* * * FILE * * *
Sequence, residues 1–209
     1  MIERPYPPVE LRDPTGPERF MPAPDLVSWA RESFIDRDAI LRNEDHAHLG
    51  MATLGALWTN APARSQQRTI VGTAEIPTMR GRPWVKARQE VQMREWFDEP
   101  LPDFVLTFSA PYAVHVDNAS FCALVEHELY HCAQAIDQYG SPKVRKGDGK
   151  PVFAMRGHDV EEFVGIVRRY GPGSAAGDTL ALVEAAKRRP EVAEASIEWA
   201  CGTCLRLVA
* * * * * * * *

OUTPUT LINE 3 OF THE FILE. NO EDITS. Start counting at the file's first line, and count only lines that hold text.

    51  MATLGALWTN APARSQQRTI VGTAEIPTMR GRPWVKARQE VQMREWFDEP